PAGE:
isolate object

Discussion in 'Photography Beginners' Forum' started by akazoly, Jan 4, 2008.

  1. akazoly

    akazoly TPF Noob!

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    I want to capture a flower, or something and isolate the subject. I want to see blur in background.

    I set my Nikon 18-55 lens to 18 and F3.5. I try to capture the subject but I don't see blur in background, why ?
     
  2. Big Mike

    Big Mike I am Big, I am Mike Staff Member Supporting Member

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    The effect you are looking for is a result of a shallow DOF (depth of field).

    Setting your aperture to your lens's max, is a good start. It will also help if you zoom the lens out to the max.

    Also, the distance between the subject and the background will also affect how the out of focus areas (called Bokeh) look. If you can, shoot at an angle that puts the background as far away as possible and get as close to the subject as you can.

    Getting a shallow DOF is easier with a lens that has an even bigger aperture. Something like F1.8 or F1.4 etc.
     
  3. akazoly

    akazoly TPF Noob!

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    I need a big distance between subject and background at F3.5 ? 2-3 metre or more ?
     
  4. Mav

    Mav TPF Noob!

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    The longer your focal length, the tighter the DOF will be. And the larger your aperture (smaller f/number), the tighter the DOF will be. And the closer you are to the subject, the tighter the DOF will be also.

    Since the 18-55 doesn't have either a very long focal length or a large aperture, it's pretty difficult to get subject isolation with it, and even when you do, the results aren't exactly going to be creamy smooth either. But on that particular lens, reframe your flower so that you're zoomed all the way to 55mm, get closer to the flower, and make sure the lens aperture is set wide-open, which is f/5.6 on that particular lens. That'll probably give you a tighter depth of field than when framed at 18mm and f/3.5.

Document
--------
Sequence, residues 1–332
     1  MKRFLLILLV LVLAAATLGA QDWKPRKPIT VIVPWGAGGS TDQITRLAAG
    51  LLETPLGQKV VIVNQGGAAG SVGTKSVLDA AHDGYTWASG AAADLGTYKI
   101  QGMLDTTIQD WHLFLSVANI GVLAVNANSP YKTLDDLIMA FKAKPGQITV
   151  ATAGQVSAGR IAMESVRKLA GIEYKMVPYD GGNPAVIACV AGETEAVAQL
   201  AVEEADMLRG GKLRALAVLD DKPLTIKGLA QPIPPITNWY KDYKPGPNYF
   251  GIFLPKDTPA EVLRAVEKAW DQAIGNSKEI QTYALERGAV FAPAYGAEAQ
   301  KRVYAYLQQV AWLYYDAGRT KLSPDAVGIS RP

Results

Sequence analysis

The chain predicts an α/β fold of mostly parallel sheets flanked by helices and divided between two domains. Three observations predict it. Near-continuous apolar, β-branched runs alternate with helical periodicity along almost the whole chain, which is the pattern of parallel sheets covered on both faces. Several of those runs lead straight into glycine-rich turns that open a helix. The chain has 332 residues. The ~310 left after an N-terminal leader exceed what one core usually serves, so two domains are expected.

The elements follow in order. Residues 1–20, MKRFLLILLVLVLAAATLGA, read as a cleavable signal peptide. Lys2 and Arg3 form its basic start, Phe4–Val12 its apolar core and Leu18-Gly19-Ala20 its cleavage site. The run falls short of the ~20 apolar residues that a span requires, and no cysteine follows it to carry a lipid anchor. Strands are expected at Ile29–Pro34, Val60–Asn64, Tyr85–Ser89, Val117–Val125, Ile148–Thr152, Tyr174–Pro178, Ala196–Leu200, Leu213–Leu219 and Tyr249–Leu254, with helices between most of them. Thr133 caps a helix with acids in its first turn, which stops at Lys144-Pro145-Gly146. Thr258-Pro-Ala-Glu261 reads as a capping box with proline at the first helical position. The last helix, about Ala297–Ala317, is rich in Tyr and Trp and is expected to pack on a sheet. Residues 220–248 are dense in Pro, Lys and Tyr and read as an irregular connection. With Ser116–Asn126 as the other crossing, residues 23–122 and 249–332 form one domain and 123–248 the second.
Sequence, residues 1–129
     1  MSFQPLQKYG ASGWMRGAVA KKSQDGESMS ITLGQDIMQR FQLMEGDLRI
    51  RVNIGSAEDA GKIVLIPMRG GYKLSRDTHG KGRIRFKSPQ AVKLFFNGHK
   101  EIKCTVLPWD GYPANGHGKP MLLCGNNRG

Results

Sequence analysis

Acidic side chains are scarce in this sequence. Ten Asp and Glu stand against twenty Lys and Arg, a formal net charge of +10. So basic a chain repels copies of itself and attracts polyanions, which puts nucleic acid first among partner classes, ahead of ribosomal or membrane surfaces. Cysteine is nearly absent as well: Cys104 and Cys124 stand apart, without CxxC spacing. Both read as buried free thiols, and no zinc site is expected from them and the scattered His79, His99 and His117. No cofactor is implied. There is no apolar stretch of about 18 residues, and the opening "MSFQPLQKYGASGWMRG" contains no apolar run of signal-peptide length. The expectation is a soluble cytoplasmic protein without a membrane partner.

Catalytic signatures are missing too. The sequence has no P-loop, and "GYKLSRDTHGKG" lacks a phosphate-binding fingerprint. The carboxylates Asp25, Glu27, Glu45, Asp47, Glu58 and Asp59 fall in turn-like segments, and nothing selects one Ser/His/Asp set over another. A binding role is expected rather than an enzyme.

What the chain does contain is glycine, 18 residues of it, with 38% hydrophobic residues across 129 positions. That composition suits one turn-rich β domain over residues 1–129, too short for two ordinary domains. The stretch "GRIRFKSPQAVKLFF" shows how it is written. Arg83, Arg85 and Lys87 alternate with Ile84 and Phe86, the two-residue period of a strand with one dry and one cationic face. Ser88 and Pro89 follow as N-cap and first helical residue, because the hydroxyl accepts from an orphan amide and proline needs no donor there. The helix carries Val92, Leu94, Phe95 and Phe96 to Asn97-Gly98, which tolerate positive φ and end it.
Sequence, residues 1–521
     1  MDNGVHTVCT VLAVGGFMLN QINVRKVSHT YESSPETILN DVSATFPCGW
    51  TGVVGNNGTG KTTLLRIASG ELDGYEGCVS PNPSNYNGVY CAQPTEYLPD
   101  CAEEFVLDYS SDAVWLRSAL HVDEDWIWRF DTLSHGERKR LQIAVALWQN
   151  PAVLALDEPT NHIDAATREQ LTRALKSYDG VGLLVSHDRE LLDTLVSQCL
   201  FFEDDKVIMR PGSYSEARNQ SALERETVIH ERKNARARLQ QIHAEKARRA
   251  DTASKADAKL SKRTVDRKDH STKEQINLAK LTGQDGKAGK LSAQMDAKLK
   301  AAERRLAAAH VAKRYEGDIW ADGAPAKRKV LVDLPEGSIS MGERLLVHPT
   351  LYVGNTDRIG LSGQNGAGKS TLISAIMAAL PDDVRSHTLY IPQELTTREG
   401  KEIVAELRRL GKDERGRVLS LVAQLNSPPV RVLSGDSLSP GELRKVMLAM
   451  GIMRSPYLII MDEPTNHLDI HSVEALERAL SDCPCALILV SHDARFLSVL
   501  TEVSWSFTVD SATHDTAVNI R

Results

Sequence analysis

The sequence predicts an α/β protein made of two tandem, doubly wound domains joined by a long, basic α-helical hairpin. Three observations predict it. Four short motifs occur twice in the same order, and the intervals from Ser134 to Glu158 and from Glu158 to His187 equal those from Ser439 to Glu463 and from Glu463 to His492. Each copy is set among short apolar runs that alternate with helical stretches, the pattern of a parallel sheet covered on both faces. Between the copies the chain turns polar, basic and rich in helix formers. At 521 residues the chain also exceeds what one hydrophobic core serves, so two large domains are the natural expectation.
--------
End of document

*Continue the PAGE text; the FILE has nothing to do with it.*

I'll try to post some examples later.
     
  5. Big Mike

    Big Mike I am Big, I am Mike Staff Member Supporting Member

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    The more the better.
    Can you take it outdoors? Then maybe the background would be 10-20m or more. That would definitely help.

    F3.5 just isn't very big...maybe go out and buy yourself a 50mm F1.8.
     
  6. Mav

    Mav TPF Noob!

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    A sample from my 18-55 at 55mm and f/6.3. This was shooting at some low branches with higher ones blurred in the background. Program auto mode.

    [​IMG]


    Yes, a large distance between your subject and the background will be of great help to the lil 18-55. :)
     
  7. akazoly

    akazoly TPF Noob!

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  8. Big Mike

    Big Mike I am Big, I am Mike Staff Member Supporting Member

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    That lens will certainly allow you to get a very shallow DOF. Also, the large aperture will allow you to get faster shutter speeds, which is good for shooting handheld in lower light and/or stopping action.
     
  9. Puma

    Puma TPF Noob!

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  10. Mav

    Mav TPF Noob!

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    Yep, that's the one.

    Here's an extremely crappy example, but on this leaf shot you can see the center in focus, and both the front and back edges out of focus. This was at or near close focus distance and f/1.8

    [​IMG]


    This is at f/4

    [​IMG]


    Before you pull the trigger on that, though, keep in mind that it doesn't focus all that closely, which can be a bit of a problem for floral photography. The reproduction ratio is only 1:6.6 or something on the 50/1.8 which leaves you pretty far away. I had good success with the 55-200mm lens which focuses much more closely at 1:3.5 (1:4.2 for the VR version).

    Here's two samples from that:

    120mm @ f/8

    [​IMG]


    135mm @ f/6.3

    [​IMG]



    For that last one, below is the tree I was shooting. If you look closely on the left you can make out the specific branch I was shooting, and about the angle and distance between that and the fairway (side of a golf course)

    [​IMG]



    A better lens than either of these for floral photography is a 55 or 60mm f/2.8 micro, for about $300 used or so. These will close focus all the way down to 1:1 which will give some outstanding floral shots, if you do this sort of thing regularly. I've also read elsewhere that a Kenko 12mm extension tube on the 50mm f/1.8 will help it get a ton closer. I've seen some great examples of that too, but have not personally ever tried it. I saw a Kenko tube set used for dirt cheap but hesitated and then somebody else beat me to it. :mrgreen:
     
  11. Stratman

    Stratman TPF Noob!

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    Here's a shot of some roses with my SMC-M 50mm F 1.4 @ F1.4, I like the bokeh on this shot, i was about as close as i could get to the in focus rose, and it produced a nice result. Love the bokeh on this old lens !!

    [​IMG]
     
  12. LoKaM

    LoKaM TPF Noob!

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    I love that picture of your dog Puma.

    It's almost like it's in 3D
     

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